The number of Russian satellites that are used for social, economic and scientific purposes, as well for research and navigation, was increased to 99 in 2020, Russia’s state-run space corporation Roscosmos said in a statement on Wednesday.

“The Russian orbital constellation used for social, economic, scientific and navigational purposes now comprises 99 spacecraft,” the statement says.

Read more at: TASS


China’s New Powerful Solid Rocket Engine Conducts Test Run

China successfully conducted a test run of its new huge solid rocket booster engine in Xi’an, northwest China’s Shaanxi Province, on Wednesday.

The three-stage booster engine with a diameter of 3.2 meters is currently the most powerful solid rocket engine with the largest thrust, diameter, explosive payload and the longest ignition time in China.

Read more at: CGTN

Danes Staying In Origami-Inspired ‘Lunar’ Camp In Greenland End Their Mission

The two architects built the foldable futuristic-looking shelter as part of an experiment to establish whether ordinary people without training could survive in harsh conditions, including those on the Moon.

Danish “space architects” Sebastian Aristotelis and Karl-Johan Sorensen have wrapped up their mission in Greenland aimed at testing a “Lunark” shelter – an origami-inspired camp designed to withstand lunar conditions.

Read more at: Moondaily

Atomic-Scale Nanowires Can Now Be Produced At Scale

Researchers from Tokyo Metropolitan University have discovered a way to make self-assembled nanowires of transition metal chalcogenides at scale using chemical vapor deposition. By changing the substrate where the wires form, they can tune how these wires are arranged, from aligned configurations of atomically thin sheets to random networks of bundles. This paves the way to industrial deployment in next-gen industrial electronics, including energy harvesting, and transparent, efficient, even flexible devices.

Read more at: Nanodaily

NASA Studies Fruit Flies To Understand Astronaut Sleep Cycles

Tiny fruit flies are helping NASA study how brain activity and sleep patterns change when organisms live in the microgravity of space.

An experiment on the International Space Station will build on the United States’ legacy of using fruit flies to understand how life endures in space.

The experiment, known as Genes in Space-7, uses genetic matter derived from fruit fly brains to understand their circadian rhythm – or 24-hour sleep cycle.

Read more at: Spacedaily

Elon Musk Reveals Plan To Catch SpaceX Rockets On Launchpad So They Can Set Off Again In An Hour

SpaceX is planning to be able to catch rockets on their launchpads so they can take off again within an hour, Elon Musk has said.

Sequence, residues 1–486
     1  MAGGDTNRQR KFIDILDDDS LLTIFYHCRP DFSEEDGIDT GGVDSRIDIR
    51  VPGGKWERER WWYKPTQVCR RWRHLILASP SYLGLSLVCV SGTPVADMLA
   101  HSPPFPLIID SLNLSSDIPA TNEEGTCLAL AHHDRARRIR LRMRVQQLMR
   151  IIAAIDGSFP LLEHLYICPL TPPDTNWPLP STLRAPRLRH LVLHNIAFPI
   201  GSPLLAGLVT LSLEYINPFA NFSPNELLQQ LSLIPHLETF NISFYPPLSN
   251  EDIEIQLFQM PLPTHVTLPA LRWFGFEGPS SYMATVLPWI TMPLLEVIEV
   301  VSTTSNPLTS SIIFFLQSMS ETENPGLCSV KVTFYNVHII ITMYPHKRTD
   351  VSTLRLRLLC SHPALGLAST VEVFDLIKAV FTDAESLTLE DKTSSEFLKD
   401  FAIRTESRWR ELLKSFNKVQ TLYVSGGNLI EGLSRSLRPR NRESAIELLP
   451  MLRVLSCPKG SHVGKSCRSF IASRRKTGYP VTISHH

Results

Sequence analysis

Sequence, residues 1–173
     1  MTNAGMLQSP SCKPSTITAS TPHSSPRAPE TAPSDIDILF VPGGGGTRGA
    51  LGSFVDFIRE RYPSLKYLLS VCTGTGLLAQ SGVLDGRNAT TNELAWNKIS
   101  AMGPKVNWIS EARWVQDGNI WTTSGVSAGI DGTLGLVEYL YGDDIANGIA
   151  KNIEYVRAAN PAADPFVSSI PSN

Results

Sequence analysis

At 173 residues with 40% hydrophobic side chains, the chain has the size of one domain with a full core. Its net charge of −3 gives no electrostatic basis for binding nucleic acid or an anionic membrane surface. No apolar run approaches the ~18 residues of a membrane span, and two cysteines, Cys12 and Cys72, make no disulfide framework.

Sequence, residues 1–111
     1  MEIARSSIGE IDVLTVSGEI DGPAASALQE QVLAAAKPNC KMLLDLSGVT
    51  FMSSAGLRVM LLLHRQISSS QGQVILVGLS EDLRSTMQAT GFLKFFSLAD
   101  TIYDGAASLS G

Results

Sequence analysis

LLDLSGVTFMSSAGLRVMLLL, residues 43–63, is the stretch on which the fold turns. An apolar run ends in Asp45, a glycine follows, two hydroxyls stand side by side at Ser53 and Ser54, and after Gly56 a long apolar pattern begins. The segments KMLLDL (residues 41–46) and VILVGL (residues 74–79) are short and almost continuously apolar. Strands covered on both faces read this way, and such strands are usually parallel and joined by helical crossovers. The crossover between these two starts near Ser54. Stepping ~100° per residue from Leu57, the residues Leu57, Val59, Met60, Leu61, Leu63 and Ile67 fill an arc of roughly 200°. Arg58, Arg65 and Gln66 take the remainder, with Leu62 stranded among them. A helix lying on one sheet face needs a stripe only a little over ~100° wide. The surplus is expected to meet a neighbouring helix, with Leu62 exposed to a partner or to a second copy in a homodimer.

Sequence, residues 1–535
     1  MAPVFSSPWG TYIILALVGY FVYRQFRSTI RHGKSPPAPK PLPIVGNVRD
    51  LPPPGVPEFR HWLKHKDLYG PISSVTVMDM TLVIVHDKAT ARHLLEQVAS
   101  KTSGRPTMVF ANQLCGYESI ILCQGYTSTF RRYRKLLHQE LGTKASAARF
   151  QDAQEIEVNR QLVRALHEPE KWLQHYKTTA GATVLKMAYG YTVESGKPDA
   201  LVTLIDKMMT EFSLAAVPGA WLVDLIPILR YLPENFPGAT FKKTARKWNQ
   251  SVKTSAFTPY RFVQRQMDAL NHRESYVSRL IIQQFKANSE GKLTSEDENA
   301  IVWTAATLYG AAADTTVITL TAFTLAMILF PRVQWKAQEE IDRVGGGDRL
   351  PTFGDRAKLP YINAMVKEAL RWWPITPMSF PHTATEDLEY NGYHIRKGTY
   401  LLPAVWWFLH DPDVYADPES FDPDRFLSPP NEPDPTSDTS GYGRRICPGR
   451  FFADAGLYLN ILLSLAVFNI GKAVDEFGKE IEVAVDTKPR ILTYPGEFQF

The proposal would mean the Super Heavy rockets, which are currently in development, would fall back down to Earth and be caught by the launch tower arm that holds the rockets up before they take off.

Mr Musk revealed the plan as he reiterated his idea that the ultimate mission of SpaceX is to build around “1,000 Starships to create a self-sustaining city on Mars”.

Read more at: Independent

Elon Musk’s SpaceX Crewed Launches Led Space Events In 2020

Launching people into orbit from U.S. soil again during two SpaceX launches topped the year’s accomplishments in spaceflight. With that and other achievements, it was a strong year for Elon Musk’s company.

The launch of the Dragon Endeavour at the end of May with two astronauts on board, followed by the Crew 1 mission’s successful flight starting Nov. 15, stood out as historic achievements to spaceflight experts.

“In the end, it’s about the commercialization of spaceflight and what a tremendous success that has been,” said retired astronaut Mike Massimo, now a professor teaching spaceflight topics at Columbia University in New York.

Read more at: Spacedaily


EU Space Policy: It’s not all about rocket science

Although space technology actually ‘is’ rocket science – and often feel like it’s only accessible to scientists – it’s actually a lot closer to us than we think. We rely on space technology several times every single day: for car navigation systems, satellite TV, mobile phones and even for withdrawing money. We also have satellites that provide speedy data when forest fires, earthquakes or floods strike.

The space industry creates almost ten percent of the European Union’s GDP and it is worth between €46-54bn to our economy.

Read more at: parliament magazine

President Signs Law Protecting Lunar Heritage Sites